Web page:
aversion behavior, this fear factor can spread very quickly. >> clarify, do you have a global figure at this point? >> not yet, not yet. >> we're going to take time for two more questions. in the back there. >> thank you. held a on tuesday you sort of employee viewsed town hall meeting to hear concerns and questions from staff about the ongoing reforms at the world bank group. what was your biggest takeway from that meeting, and do you expect that it will lead to any concrete changes in either the implementation or communication of your reforms? and then sorry, just a quick second question. you're undergoing a strategic staffing exercise to map staff -- to match staff to the global practices. how do you know where expertise will be required before you've seen demand for your services
under the new organizational structure? thank you. >> thanks, michael. first of all, we're undergoing the most thorough, the most ambitious reorganization in close to 20 years. so it's not a surprise to me that there's anxiety, that there's concern. more than anything, what the staff were saying was that they wanted to talk to me directly. they wanted to tell me what the problems are that they were seeing. and i was aware of some of them. there were some that were new to me. but we had an extremely good discussion, and my takeway from that, the most important takeway, the thing that kept coming up is that they want to talk to me more, so we'll have another town hall next week, and we'll do as many as we need until people feel that they're being heard. now, this is what happens when you try to reorganize a multilateral institution. i've done reorganizations before. but the complexity of this institution is just enormous. there's 188-member governments.
we work in many, many different languages, so many different countries. on the one hand, i'm not surprised. but i would also point out, look at all the things that we've already gotten done. for example, we have been able to double the capacity for our lending to middle income countries. we had a record replenishment last year. already the global practices are providing information and support, for example, the prime minister in india, he tweeted out immediately after my meeting that they don't need our money, but we're going to be their information bank, and the reason is because we were able to provide him such interesting insights into how we can bring solutions to his problem. so there are a lot of good things about it already, but any time you undertake something this enormous, you're going to have these kind of problems. now, in terms of a strategic staffing, we know a lot from what we've already been doing, so we have some ideas about the kinds of staff that we will need and won't need. but what i would like to stress
is that the expenditure review we're going through, this is stuff you have to do as an organization no matter what, and we haven't done it. we haven't been doing it for quite a few years. so when you start the process of asking questions like, what are we spending on different things? are we spending the same amount to do something here as we're doing over there? when you're asking those questions for the first time, it is really tough to go through. but it's just something that every organization should go through. every organization should ask itself, do we have the right staff, and are we fit for purpose for what we're trying to do? i am glad that we've done it, and will continue, and the good news is that we're almost done. we're going to be finished soon. >> ok. looking for some gender balance. >> thank you so much. on the chinese economic slowdown, it has now almost been a year after the chinese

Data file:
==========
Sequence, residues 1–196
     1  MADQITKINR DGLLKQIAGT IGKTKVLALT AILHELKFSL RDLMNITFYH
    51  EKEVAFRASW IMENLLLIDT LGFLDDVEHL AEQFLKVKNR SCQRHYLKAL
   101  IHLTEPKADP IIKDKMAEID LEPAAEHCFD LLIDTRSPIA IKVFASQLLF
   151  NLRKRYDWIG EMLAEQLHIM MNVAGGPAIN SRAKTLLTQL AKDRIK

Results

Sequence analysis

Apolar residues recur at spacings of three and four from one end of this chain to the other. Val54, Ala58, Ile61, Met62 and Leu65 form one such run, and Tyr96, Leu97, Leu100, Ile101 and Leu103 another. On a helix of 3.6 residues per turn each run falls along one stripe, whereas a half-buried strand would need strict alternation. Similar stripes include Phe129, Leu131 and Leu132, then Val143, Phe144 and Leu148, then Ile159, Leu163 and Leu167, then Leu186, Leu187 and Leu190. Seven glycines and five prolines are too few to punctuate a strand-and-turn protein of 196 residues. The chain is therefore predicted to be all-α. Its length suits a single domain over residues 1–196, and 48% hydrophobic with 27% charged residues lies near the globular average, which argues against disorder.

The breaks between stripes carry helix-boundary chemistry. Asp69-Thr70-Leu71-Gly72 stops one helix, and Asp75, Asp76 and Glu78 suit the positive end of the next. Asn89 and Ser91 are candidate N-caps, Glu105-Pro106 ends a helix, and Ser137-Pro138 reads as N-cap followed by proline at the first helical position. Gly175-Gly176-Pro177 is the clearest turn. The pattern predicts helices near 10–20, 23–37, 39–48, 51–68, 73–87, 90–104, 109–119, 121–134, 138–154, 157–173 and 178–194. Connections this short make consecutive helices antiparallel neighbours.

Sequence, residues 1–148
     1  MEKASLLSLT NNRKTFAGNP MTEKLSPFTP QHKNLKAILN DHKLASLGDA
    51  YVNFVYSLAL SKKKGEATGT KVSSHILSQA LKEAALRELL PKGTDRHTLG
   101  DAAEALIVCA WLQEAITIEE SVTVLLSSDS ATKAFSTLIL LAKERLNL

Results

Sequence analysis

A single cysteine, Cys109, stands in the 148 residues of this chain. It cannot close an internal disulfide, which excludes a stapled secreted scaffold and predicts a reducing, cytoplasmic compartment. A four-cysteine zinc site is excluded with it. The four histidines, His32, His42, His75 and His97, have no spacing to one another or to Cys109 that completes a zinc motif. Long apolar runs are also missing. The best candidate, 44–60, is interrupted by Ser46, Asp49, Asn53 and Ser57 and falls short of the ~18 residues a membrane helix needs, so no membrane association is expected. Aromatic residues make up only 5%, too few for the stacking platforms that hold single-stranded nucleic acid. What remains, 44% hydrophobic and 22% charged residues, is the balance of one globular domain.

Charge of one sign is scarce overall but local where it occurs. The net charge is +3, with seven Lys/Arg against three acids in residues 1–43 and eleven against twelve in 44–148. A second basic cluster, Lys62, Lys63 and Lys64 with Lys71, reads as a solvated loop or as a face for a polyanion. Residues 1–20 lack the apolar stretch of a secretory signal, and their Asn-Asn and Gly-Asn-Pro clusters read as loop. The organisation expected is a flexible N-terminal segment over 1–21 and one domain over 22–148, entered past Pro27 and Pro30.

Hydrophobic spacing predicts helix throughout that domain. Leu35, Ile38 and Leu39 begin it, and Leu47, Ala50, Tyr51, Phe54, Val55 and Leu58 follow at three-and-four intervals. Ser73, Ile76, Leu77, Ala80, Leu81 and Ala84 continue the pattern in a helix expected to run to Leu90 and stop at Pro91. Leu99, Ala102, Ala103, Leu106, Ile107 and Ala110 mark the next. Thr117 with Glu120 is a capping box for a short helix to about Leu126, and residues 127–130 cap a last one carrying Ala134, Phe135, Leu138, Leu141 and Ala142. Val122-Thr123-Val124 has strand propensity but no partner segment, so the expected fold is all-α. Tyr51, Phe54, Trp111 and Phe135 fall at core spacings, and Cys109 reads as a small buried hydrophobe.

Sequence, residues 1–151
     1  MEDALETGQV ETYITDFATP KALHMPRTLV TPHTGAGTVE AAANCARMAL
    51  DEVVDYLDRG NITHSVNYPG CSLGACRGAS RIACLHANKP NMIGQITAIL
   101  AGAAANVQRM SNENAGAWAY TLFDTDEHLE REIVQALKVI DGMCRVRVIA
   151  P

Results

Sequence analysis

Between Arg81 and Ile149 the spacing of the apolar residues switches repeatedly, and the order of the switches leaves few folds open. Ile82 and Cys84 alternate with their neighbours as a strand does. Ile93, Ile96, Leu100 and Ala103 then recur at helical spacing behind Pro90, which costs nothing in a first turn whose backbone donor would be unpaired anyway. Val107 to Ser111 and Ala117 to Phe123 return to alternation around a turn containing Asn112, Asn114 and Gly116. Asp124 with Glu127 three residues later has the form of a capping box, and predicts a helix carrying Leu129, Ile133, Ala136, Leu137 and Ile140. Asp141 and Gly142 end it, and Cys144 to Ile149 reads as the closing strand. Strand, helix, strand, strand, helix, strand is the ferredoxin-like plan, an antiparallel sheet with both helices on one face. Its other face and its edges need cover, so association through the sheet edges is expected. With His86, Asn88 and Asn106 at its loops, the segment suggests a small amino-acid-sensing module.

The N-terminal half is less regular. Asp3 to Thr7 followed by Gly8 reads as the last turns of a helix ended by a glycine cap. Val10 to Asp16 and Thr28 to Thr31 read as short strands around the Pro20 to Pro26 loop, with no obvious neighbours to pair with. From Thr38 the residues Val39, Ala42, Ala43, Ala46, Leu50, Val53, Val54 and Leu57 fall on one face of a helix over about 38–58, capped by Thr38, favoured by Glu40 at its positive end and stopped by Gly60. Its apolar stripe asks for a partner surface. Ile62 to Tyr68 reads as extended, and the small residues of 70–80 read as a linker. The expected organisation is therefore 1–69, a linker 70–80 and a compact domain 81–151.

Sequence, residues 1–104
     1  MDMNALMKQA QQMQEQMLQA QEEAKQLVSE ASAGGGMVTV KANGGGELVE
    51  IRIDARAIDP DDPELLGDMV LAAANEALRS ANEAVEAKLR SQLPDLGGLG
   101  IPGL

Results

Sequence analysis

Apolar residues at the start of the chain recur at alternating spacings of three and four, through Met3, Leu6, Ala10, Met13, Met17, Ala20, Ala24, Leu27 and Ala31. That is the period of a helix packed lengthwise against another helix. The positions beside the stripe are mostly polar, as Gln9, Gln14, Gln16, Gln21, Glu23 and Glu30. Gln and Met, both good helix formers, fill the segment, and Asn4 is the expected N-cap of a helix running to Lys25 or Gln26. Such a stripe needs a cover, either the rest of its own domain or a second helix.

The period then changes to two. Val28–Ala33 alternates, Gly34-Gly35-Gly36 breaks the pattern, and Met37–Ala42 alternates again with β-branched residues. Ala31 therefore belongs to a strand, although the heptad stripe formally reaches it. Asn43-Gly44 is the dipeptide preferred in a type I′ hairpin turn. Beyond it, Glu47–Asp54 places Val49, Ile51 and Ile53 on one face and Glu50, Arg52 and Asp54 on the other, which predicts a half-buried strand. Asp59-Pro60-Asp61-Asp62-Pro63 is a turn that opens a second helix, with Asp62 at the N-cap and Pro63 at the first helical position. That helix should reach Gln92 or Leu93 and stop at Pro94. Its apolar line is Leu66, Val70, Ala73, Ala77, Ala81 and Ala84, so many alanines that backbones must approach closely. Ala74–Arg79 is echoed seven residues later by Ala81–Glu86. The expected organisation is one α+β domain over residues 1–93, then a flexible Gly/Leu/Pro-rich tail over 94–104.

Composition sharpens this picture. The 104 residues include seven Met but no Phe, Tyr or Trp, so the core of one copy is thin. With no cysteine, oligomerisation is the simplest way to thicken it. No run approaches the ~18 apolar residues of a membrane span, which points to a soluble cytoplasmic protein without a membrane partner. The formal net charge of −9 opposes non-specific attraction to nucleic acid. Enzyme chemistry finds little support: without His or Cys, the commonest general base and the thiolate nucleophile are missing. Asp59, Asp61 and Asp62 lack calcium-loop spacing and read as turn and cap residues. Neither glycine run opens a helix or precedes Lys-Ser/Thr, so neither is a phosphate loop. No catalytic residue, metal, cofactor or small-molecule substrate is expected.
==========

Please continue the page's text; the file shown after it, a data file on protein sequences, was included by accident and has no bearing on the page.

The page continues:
government carried out a slew of measures in order to make the economy more stable, so what is your evaluation on those reforms that have been carried out so far, and how would you integrate the slowdown? do you take them as cyclical changes, or do you take them as changes brought by those reforms? thank you. >> china is trying to undergo a massive change in their growth model, and this is something that my predecessor i think worked truly brilliantly with the chinese government over several years to put together a plan called china 2030. so if your intention, china going from some of the highest investment rates that we've ever seen, 46% of g.d.p., and then to try to pivot to a growth strategy that's much more focused on consumption and services, to try to sort of move up the value chain, if you will, in terms of economic productivity, this is a very difficult thing to do. and so we have been watching
very carefully, and there has been a slowdown from traditional rates of very high growth rates of 10%, and i think the important thing we watch is china continues to be committed to that reform process. we believe that that reform process and moving toward a different growth model is what china needs to do. and so it's -- it's a very delicate balance. they have to on the one hand be ready to move to a different growth model, but on the other hand, try to keep growth rates up, because you need the growth for new jobs, new entrants in the market. we have faith in chinese leadership. we think that they are -- they very clearly understand these tradeoffs. we will continue to work very closely with them. for example, one of the things that -- after the china report, the chinese government has continued to ask us to help them solve their most difficult